When Brantley Hightower, AIA, was in the second grade he was told to dress up like what he wanted to be when he grew up. He borrowed his dad’s briefcase, put on a suit and tie, and went to school as an architect. “It’s been a pretty linear shot from there,” Hightower says. “Architecture is something that’s both artistic and technical. Both of those appealed to me.”
Hightower went to The University of Texas at Austin for a dual degree in architecture and liberal arts. He moved to Chicago and worked for Perkins+Will for two years, spending most of that time assigned to K-12 schools. While in Chi, he “drank the Frank Lloyd Wright Kool-Aid” and gave tours of the Robie House. Back in Texas, he worked for Max Levy Architect in Dallas then Lake|Flato in San Antonio for a time before going back to graduate school at Princeton. With an M.Arch degree and most of his friends heading off to teach in the Northeast, Hightower returned to his then-girlfriend, now wife, Clara Hightower, AIA, in San Antonio and his job at Lake|Flato. “Lake|Flato is a great place to work,” Hightower says. “It’s full of great people. It’s very comfortable and a little cult-like — but in a good way.”

Hightower left Lake|Flato in 2012 and founded HiWorks. “I wanted a firm that was more than just about me,” he says, “that was about doing good in the world and having higher aspirations of what architecture can be. It’s nice to do buildings for wealthy people, but I needed something more nourishing.”

Thus far, HiWorks (which is composed of Hightower and part-time associate Betsy Johnson, AIA) has picked up work from random connections, often from the leavings of other architects. It has led to a diverse body of work — everything from a ranch dining pavilion to a public art project on an air traffic control tower. Hightower, who has also taught at various universities, approaches each project with an appreciation of its difference and doesn’t attempt to fit his work into a grander narrative. He appreciates the flexibility of running his own firm, which has given him the freedom to be an active parent to his two daughters. And while being a small practice presents certain limitations, he has found workarounds. “Because I’m small, I follow the model of a jazz combo,” he says. “I’m one player, but will partner with others for a particular gig.”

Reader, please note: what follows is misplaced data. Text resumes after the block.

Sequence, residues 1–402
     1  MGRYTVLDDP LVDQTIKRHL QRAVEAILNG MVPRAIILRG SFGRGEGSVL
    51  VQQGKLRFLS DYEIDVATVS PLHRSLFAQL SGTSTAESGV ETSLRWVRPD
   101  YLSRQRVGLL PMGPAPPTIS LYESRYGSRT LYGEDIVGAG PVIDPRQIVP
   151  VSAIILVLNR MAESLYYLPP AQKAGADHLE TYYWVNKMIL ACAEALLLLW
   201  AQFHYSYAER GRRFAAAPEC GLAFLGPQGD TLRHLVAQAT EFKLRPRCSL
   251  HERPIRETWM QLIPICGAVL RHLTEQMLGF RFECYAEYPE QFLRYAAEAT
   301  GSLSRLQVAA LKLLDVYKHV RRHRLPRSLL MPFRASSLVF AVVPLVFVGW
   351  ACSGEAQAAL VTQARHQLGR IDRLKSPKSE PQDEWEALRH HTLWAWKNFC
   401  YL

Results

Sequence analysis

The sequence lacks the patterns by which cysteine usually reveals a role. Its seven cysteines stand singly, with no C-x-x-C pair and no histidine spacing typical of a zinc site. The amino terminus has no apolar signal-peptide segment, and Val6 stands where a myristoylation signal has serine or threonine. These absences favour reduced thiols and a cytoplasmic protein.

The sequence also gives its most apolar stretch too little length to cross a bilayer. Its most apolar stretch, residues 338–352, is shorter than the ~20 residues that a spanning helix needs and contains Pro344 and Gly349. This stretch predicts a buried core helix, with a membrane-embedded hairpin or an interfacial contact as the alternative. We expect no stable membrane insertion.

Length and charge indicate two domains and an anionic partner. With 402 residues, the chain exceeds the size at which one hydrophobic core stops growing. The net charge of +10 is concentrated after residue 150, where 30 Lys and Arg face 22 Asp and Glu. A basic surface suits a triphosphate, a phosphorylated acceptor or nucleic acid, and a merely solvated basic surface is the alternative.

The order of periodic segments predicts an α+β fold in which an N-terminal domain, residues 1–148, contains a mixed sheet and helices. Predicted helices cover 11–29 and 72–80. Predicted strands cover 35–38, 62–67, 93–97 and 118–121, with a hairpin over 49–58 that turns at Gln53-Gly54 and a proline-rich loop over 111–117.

Stinson Municipal Aircraft Control Tower

HiWorks collaborated with Work5hop to win a local design competition to turn a new air traffic control tower designed by AJT Engineering into a civic icon. The design references the history of Stinson Field as a training site for World War I pilots and the home of the first woman-operated flying school in the nation with an invocation of early-20th-century aviation. Fabric-clad wing forms attach to the tower structure with a steel armature. During the day, they read as abstract interpretations of biplane wings. At night, they glow with internal LED illumination.


Fort Stockton Community Theatre

Fort Stockton is a town of 8,000 people located off I-10, west of the Pecos River. In spite of its small size, the town has an active community theater that for years has performed in a repurposed brick commercial building. HiWorks assisted the group in identifying their functional needs and developed a concept for how those needs could be addressed architecturally. The architects developed a design that reused the existing structure while creating a new identity for the theater that references the existing downtown cityscape as well as the surrounding desert plateau landscape.


Alamo Museum

After witnessing the less-than-enthusiastic response to the Alamo Comprehensive Interpretive Plan, HiWorks developed a hypothetical proposal for an Alamo Museum that grew out of ideas first presented by students in a design studio that Hightower taught at Trinity University in 2013 with Margaret Sledge, AIA. Rather than demolish three historic structures at the western edge of Alamo Plaza to construct a new building, HiWorks proposed a surgical adaptive reuse. Non-historic portions of the ground floor interiors would be gutted, opening up space to reconstruct portions of the Alamo’s original western wall, while additional exhibition space would be housed in a modern volume cantilevered above the historic structures.

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